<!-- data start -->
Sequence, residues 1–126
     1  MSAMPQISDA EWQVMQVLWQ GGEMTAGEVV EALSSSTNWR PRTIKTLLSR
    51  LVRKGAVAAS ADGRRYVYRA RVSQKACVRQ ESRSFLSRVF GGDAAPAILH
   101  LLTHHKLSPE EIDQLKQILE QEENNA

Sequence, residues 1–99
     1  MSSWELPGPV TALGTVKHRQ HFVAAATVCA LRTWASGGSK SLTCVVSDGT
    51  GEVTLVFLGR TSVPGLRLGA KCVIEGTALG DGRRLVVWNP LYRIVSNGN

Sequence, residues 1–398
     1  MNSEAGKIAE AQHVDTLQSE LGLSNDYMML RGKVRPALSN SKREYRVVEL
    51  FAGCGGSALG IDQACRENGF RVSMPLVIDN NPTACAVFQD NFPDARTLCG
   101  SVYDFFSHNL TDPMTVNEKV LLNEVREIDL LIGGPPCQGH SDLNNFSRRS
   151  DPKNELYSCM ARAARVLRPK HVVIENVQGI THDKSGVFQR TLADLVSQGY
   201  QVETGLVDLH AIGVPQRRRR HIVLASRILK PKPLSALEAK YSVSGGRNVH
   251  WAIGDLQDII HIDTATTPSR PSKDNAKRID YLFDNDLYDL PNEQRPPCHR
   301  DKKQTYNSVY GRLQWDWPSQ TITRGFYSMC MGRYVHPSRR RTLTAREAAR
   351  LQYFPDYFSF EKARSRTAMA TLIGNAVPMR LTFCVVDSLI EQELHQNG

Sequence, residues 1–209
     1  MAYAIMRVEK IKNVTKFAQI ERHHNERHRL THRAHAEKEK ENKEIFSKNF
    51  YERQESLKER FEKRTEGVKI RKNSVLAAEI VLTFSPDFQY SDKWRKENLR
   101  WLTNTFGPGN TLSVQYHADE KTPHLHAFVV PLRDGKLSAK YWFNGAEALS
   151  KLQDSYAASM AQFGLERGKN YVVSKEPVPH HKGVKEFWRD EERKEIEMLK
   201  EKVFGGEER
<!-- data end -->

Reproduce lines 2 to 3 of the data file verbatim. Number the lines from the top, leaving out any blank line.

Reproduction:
     1  MSAMPQISDA EWQVMQVLWQ GGEMTAGEVV EALSSSTNWR PRTIKTLLSR
    51  LVRKGAVAAS ADGRRYVYRA RVSQKACVRQ ESRSFLSRVF GGDAAPAILH